The 2-, 5-, and 10-year disease-free survival rates were 65.1% (95% CI: 44.8–79.5%), 47.1% (95% CI: 28.1–63.9%), and 28.2% (95% CI: 10.9–48.7%) respectively (Figure 2). Two-year disease-free survival rates were similar between clinical stages IIB and IIIA (64.2% vs. 63.6%, P=0.98). There was a trend to suggest that patients with positive nodal status cN1 and cN2 had higher 2-year rates of recurrence than patients staged cN0 (50% and 60% vs. 27.9%, P=0.20), although this was not statistically significant.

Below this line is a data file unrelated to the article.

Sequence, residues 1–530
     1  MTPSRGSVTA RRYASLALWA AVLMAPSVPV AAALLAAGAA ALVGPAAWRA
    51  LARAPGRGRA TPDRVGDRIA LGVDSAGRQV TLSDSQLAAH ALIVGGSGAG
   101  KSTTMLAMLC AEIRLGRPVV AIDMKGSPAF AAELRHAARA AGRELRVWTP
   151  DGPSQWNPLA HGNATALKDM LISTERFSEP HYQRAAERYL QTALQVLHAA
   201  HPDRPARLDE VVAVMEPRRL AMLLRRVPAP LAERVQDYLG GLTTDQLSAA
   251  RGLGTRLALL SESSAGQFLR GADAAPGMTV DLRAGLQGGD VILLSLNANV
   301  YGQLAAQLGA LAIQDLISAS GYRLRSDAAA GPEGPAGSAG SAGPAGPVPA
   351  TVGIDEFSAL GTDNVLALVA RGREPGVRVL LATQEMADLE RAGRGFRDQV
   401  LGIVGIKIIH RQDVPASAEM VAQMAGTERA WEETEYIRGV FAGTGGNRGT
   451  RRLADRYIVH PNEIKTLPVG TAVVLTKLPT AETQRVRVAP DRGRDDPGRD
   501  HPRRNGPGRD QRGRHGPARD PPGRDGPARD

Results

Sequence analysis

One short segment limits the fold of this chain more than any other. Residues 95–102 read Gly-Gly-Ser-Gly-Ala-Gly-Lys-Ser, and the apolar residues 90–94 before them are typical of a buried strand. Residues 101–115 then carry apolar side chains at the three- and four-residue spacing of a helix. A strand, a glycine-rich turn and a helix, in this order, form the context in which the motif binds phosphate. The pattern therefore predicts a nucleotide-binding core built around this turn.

Fourteen (44%) patients obtained pathological complete response after induction chemoradiotherapy, 13 (40%) showed minimal microscopic residual disease, and 5 (16%) showed macroscopic residual disease (Table 3). Downstaging of nodal status after induction chemoradiotherapy was observed in all 8 node-positive patients. Fourteen (44%) patients developed disease recurrence. Nine (28%) cases had distant recurrences, 1 of which had concurrent local spread. The most common site of distant metastasis was the brain (n=6, 19%). We found no statistically significant differences between the 2-, 5-, or 10-year overall survival rates in patients with incomplete pathological response compared to those in patients with pathological complete response (2-year overall survival: 70.6% vs. 64.2%, P=0.599; 5-year overall survival: 58.8% vs. 36.7%, P=0.218; 10-year overall survival: 36.8% vs. 24.4%, P=0.286; Table 4). We also found no statistically significant differences between the 2-, 5-, or 10-year disease-free survival rates in patients with incomplete pathological response compared to those in patients with pathological complete response (2-year disease-free survival: 71.1% vs. 56.3%, P=0.416; 5-year disease-free survival: 59.3% vs. 28.1%, P=0.123; 10-year disease-free survival: 37.0% vs. 14.1%, P=0.118; Table 4). After adjusting for potential confounding variables, pathological response remained a non-significant predictor of survival (Table 5; all P>0.05).